On August 21, 2021, while assigned to our East radio channel, PST Murphy handled multiple priority calls throughout the course of her shift. At 9:30 pm she quickly dispatched a report of two males and an armed female who were in a physical altercation. As calls from frantic citizens continued to come in from the surrounding area, she provided updates to the responding units and initiated emergency traffic so they could coordinate their response efforts. Her quick action and attention to detail assisted deputies in removing the subjects from the location without further incident.
Less than 10 minutes after clearing emergency traffic from the battery call, she dispatched another priority call. This caller stated they had received a text from a friend who said she had an injunction against a person who was at the apartment trying to kill her. When the deputies arrived on scene, the suspect ran and a foot pursuit ensued. She quickly responded to the action, sending additional units to aid in the pursuit. Deputies were able to apprehend the suspect without further incident.
While units were completing the investigations for the previous calls, our recipient received a third priority call of a submerged vehicle in the Banana River. The callers could not say if the vehicle was occupied. Fortunately, after an investigation by our BCSO Dive team members, no one was found inside of the vehicle.
These calls are only a small portion of the priority calls that PST Murphy has dispatched and effectively managed this year. For her dedication to her colleagues, the citizens of this great county and the deputies of the Brevard County Sheriff’s Office, we are proud to recognize Aleasha Murphy as our Public Safety Telecommunicator of the Year.
Since starting her employment with the agency in 2010, Investigative Support Specialist Laurie Wilson has been an integral part of our agency accomplishing both its internal mission and external community outreach. Her ability to coordinate and serve in both of these important roles is worthy of commendation. Laurie provides administrative support for the East Precinct General Crimes Unit and her office is a crossroads of investigative agents, analysts, deputies and supervisors working criminal investigations.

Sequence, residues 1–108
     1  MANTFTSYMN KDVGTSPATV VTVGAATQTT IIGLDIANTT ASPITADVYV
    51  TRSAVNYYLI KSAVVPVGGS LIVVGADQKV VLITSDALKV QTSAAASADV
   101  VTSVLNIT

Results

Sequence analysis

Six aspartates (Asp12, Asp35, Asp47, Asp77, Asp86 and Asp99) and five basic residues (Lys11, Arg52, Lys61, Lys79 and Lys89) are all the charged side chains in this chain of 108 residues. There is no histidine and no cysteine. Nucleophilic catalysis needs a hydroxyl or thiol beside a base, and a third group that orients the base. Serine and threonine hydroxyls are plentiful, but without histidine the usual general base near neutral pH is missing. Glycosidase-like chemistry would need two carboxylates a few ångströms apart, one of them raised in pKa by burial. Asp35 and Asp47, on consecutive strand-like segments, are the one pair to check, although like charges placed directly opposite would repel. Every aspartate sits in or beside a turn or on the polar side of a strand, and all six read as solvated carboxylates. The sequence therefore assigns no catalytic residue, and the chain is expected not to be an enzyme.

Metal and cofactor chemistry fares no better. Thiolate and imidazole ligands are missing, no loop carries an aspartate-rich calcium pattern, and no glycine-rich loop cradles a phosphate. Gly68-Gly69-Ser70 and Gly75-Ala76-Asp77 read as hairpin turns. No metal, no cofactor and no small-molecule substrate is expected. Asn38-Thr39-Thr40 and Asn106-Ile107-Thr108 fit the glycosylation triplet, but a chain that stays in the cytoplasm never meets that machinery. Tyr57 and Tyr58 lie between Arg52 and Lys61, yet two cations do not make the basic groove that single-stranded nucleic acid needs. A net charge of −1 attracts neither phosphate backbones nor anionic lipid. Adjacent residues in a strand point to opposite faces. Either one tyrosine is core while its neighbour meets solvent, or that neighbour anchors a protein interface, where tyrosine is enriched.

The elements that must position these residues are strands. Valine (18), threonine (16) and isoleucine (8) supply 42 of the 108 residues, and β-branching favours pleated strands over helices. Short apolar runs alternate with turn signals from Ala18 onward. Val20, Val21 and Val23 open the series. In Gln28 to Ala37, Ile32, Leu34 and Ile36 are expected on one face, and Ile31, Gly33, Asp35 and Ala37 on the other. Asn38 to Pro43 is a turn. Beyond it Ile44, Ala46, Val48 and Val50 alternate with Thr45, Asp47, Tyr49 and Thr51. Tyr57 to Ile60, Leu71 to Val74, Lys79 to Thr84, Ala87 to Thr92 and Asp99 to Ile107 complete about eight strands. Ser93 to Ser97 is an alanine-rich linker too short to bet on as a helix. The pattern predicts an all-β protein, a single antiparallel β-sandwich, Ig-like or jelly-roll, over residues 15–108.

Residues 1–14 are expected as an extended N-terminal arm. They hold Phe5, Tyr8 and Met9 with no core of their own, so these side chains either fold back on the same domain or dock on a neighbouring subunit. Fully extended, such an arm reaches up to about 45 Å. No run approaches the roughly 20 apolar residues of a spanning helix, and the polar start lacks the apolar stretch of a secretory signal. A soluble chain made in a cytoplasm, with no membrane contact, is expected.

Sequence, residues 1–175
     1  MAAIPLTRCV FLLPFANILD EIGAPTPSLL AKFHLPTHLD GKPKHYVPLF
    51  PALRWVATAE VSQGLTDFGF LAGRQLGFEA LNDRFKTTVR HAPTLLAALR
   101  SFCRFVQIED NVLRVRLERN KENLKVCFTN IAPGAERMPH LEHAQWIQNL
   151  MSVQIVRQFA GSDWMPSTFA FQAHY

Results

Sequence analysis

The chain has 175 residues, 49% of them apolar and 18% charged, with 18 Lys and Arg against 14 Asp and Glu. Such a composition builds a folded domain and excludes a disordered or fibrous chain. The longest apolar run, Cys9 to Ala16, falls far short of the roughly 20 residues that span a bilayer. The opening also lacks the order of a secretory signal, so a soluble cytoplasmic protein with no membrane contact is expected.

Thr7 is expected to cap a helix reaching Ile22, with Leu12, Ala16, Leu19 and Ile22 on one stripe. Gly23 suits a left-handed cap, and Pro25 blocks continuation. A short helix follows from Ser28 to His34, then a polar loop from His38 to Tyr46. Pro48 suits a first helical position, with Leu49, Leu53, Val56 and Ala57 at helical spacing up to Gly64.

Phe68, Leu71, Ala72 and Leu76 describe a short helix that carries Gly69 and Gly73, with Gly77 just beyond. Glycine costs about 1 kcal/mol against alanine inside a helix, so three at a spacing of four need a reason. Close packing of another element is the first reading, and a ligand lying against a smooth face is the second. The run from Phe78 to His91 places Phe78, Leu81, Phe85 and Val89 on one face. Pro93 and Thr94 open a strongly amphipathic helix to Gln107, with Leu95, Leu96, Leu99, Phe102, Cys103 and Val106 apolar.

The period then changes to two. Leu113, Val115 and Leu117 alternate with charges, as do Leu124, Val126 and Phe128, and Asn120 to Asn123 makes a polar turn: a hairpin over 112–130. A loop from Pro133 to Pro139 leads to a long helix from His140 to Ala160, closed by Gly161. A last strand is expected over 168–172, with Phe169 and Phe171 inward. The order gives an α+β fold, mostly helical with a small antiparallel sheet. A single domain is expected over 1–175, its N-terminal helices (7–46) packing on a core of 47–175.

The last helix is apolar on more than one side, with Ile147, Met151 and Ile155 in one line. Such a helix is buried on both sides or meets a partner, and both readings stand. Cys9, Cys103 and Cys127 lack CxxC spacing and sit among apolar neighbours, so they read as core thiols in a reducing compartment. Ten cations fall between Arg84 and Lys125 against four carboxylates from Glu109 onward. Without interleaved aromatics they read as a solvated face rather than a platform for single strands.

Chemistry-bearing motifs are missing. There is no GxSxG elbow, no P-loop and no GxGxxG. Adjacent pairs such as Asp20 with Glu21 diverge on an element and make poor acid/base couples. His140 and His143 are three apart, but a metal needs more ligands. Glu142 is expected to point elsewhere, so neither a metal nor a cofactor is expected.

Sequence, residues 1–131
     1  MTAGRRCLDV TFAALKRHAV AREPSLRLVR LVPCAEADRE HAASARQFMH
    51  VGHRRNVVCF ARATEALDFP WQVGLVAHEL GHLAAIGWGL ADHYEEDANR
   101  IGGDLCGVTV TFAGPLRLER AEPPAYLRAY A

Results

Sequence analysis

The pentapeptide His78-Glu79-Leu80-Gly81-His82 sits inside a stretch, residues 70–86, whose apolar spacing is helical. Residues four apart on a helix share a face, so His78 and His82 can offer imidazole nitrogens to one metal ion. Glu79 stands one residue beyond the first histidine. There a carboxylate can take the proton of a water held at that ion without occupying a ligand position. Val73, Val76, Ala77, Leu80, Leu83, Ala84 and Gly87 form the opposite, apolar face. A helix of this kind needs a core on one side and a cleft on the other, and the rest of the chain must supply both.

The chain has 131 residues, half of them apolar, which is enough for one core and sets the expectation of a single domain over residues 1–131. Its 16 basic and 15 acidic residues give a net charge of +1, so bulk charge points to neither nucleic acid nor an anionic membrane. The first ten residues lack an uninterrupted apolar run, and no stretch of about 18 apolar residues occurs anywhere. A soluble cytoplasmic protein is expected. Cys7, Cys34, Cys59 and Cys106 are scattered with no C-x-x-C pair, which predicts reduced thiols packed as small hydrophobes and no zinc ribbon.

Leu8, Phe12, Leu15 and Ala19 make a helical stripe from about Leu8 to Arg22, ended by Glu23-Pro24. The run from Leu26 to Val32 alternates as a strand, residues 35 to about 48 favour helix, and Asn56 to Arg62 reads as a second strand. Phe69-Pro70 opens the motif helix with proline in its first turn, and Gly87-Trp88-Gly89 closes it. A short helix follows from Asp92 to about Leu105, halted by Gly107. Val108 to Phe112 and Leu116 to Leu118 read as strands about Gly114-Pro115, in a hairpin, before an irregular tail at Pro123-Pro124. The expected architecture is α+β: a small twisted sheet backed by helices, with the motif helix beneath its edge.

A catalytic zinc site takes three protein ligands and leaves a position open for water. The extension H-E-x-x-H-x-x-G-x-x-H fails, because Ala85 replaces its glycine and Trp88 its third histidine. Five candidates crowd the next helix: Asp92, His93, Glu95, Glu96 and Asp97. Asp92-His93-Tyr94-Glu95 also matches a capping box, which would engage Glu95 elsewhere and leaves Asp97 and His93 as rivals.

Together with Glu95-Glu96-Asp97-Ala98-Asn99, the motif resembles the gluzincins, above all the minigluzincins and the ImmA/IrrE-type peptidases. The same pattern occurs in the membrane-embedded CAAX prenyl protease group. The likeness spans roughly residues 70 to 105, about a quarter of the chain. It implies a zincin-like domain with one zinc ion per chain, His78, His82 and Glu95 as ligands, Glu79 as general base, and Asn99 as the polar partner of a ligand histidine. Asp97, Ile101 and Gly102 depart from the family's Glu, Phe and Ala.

Having a “never say no” attitude, Laurie always stops to assist her personnel in meeting the task at hand, and often at the expense of her own personal time. Laurie regularly assists with functions that fall well outside of her job description in order to contribute to the overall success of the Sheriff’s Office. One such example of this occurred in 2021, when East Precinct was hit with a shortage in some positions of civilian staffing. Although already tasked with supporting the Investigative Unit, Laurie took on the additional duties of Command Staff Assistant for both East Precinct and Operational Services. Handling an already generous caseload of investigative files, she now added the duties of supporting these two commanding officers. As if this wasn’t enough, she also took on the additional task of training other new civilians recently assigned to the precinct. Keenly aware of the impact that COVID-19 was having on the workforce, Laurie also made sure she arrived early on a daily basis to assist with the sanitation efforts required to safeguard the employees.
Laurie believes in giving back to the employees of the agency as well as the community she serves. She can be found assisting with the yearly Awards Ceremony, selling tickets at the Speedy Dewitt Tactical Firearms Challenge or coordinating the retirement of long term employees, making sure they gain the recognition they deserve. Laurie never asks to be recognized, consistently demonstrating a humble and thankful attitude. She does all this because she truly cares about her community and the agency. Laurie’s outstanding motivation and dedication to duty reflect positively upon herself and continues to keep with the highest traditions of the Brevard County Sheriff’s Office. We are proud to recognize Laurie Wilson as the agency’s Employee of the Year.
This year’s recipient began their employment with the agency in 2015. Due to their exemplary performance, they were promoted to the rank of Corporal in 2017. Corporal Mirena Croom performs her duties with the highest level of dedication and professionalism each and every day. In 2021, she distinguished herself by her response to an inmate who was having a serious medical event.